1 March 2018

Research Picks – 1 Mar 2018

Intellectual inclusion
Children with intellectual disability often have problems in responding effectively to their environment and commonly show a strong dependence on physical materials. Tangible technologies could be used to improve learning through experience suggest researchers from Brazil. However, the benefits of the educational opportunities created by these modes of interaction and feedback need further research to allow novel and supportive systems to be designed for such children. The researchers have developed ten guidelines for the development of tangible environments that can increase inclusivity for children with learning difficulties.
Pontual Falcão, T. (2017) ‘Action-effect mappings in tangible interaction for children with intellectual disabilities’, Int. J. Learning Technology, Vol. 12, No. 4, pp.294–314.

Emotions through the prism
Researchers in The Netherlands have developed EmotionPrism, a tool for designers to gain a better understanding of particular positive emotions and their expressive qualities. Differentiating positive emotions (e.g., joy, love, hope, and interest) and having an awareness of associated expressive interaction qualities (e.g., playful, careful, persistent and focused interaction) can support designers to influence users’ interactions in a favourable way, the researchers suggest. The tool itself is a collection of movie-sets that represents 25 different positive emotions in dynamic hand-object interactions, combined with theoretical descriptions of the emotions, these can be used to focus product design. Differentiating positive emotions (e.g., joy, love, hope, and interest) and having an awareness of associated expressive interaction qualities (e.g., playful, careful, persistent and focused interaction) is key to positive development.
Yoon, J., Pohlmeyer, A.E. and Desmet, P.M.A. (2017) ‘EmotionPrism: a design tool that communicates 25 pleasurable human-product interactions’, J. Design Research, Vol. 15, Nos. 3/4, pp.174–196.

Sex and gender in the SME
A new study from Italy examines the influence of decision-makers’ characteristics, such as biological sex and stereotypical gender roles, on how they make international decisions in the context of small- and medium-sized enterprises (SMEs). Given the growing importance of SMEs in globalization it is critical to understand the equality and inclusivity issues surrounding management and staff in such companies. Part of the urge to gain deeper understanding begins with looking at sex and gender and their purported impact on decision making. Results of the study suggest, for example, that managers and entrepreneurs with masculine traits, regardless of gender, are likely to make wider use of formalised decision-making processes and to assume a more structured hierarchy. Moreover, among the stereotypical gender roles, only masculinity showed a relationship with the dimensions of strategic decision-making processes. The results show that women have a greater ability to involve the organisation members in making decisions, regardless of formalism or hierarchy.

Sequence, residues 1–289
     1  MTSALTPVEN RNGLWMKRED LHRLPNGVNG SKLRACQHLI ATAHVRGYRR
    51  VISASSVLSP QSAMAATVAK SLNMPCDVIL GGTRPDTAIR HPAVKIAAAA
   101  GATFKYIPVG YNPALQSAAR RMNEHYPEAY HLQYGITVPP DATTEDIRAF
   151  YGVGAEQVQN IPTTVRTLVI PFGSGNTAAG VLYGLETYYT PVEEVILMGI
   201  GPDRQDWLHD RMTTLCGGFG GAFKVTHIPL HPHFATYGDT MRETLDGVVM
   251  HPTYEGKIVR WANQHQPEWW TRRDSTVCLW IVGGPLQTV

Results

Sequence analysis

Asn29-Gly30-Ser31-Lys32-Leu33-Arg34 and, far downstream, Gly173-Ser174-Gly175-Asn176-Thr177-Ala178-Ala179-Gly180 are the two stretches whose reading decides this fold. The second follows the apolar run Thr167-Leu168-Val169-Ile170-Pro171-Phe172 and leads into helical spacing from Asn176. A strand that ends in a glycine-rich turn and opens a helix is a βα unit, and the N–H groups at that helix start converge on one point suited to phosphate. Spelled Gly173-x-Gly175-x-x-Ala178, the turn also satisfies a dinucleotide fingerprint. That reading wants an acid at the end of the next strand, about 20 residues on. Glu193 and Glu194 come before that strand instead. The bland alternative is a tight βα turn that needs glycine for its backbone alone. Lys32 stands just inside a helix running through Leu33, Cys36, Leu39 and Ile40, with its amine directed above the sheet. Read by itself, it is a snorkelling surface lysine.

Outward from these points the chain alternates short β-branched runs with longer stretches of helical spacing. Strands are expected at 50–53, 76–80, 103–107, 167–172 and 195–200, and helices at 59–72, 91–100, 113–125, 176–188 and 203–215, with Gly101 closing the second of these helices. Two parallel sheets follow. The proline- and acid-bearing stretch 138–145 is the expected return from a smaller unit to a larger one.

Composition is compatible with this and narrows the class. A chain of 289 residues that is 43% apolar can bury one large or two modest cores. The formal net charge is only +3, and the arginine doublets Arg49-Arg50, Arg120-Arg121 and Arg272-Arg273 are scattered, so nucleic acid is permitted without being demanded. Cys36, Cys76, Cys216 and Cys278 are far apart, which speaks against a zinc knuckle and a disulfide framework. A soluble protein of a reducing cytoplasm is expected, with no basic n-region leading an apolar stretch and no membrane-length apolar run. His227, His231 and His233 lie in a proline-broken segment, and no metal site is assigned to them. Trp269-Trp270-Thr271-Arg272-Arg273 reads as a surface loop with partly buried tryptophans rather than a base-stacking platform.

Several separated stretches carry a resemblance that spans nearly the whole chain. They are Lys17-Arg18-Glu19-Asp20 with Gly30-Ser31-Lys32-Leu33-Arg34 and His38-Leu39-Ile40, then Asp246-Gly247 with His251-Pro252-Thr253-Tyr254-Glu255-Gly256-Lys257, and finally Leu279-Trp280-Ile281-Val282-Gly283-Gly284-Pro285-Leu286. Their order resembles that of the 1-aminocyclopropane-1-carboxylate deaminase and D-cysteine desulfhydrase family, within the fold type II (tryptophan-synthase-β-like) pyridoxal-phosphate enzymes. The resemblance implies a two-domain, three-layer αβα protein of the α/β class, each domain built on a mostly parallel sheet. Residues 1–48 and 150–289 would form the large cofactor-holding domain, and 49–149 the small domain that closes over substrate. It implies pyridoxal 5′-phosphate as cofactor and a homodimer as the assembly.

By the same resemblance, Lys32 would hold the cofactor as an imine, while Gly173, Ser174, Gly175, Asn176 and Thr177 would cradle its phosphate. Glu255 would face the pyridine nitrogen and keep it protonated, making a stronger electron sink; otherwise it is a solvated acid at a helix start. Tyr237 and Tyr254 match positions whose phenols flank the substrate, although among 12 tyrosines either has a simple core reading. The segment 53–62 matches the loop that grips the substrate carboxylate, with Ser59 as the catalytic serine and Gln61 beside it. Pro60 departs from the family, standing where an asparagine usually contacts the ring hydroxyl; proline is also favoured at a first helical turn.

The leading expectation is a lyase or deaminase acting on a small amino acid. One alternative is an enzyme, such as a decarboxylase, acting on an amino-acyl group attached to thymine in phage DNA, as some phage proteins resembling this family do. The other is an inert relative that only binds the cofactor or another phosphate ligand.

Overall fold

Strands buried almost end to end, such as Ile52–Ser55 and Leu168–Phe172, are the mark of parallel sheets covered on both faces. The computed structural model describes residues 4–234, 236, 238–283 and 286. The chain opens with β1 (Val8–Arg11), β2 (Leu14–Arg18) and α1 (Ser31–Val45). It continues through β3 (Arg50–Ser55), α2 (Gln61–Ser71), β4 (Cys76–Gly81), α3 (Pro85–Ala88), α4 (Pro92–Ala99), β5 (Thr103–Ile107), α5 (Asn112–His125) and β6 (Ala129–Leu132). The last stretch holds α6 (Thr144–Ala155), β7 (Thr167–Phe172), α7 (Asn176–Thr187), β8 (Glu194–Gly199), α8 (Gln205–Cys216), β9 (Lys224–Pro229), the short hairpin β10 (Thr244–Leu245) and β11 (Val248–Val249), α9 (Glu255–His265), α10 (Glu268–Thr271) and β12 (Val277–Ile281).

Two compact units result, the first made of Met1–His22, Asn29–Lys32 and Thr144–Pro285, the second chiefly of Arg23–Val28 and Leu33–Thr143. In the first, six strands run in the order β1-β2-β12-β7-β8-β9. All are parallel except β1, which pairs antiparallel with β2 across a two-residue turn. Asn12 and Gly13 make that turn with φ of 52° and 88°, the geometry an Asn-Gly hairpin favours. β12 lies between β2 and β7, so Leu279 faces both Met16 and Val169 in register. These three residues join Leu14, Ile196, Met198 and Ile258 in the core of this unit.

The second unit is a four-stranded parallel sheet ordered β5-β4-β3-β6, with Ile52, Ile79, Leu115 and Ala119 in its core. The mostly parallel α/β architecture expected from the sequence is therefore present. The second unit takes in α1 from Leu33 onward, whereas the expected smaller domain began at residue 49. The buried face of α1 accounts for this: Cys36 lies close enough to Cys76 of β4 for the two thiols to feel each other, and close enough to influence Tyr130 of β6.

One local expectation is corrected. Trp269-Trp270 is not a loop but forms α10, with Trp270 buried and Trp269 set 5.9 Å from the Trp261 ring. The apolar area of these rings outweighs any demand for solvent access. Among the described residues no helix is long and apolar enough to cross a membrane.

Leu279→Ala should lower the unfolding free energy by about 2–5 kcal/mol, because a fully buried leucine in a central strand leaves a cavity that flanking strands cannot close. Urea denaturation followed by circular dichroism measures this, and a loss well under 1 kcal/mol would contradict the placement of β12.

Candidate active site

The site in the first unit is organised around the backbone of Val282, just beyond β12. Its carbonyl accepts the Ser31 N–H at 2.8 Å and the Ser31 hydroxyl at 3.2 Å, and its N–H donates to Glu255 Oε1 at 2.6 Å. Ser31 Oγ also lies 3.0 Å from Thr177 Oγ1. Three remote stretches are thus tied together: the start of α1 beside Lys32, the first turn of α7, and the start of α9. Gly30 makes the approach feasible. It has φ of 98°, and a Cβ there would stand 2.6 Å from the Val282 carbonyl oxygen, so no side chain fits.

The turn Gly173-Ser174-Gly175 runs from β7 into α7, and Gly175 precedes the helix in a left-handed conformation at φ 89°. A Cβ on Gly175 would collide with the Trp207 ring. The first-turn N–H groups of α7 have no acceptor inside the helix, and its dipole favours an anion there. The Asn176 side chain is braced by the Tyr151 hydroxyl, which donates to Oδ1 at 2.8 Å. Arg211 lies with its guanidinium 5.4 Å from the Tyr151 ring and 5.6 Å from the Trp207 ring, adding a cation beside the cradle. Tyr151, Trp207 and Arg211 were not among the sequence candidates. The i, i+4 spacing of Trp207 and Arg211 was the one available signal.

Francioni, B., Musso, F. and Cioppi, M. (2017) ‘International decision processes within SMEs: the influence of biological sex and stereotypical gender roles’, Int. J. Globalisation and Small Business, Vol. 9, No. 4, pp.203–221.

Emoji tests
Animated characters can be used to represent human emotion and thus be used as tags when people are self-reporting in a wide variety of research contexts about their wellbeing, mental health, and emotional state. 14 characters that represent desire/love, satisfaction/approval, pride/self-esteem, hope/optimism, interest/curiosity, surprise/excitement, disgust/aversion, embarrassment/shyness, fear/shock and boredom/dullness, as well as joy/happiness and contempt/disrespect, have been tested by researchers from The Netherlands. The animations offer a useful non-verbal communication tool through which researchers can collect data from users. Data from the present study on how well recognized were the emotions being conveyed by the animations allowed the researchers to fine-tune the animations and improve their efficacy.
Laurans, G. and Desmet, P.M.A. (2017) ‘Developing 14 animated characters for non-verbal self-report of categorical emotions’, J. Design Research, Vol. 15, Nos. 3/4, pp.214–233.

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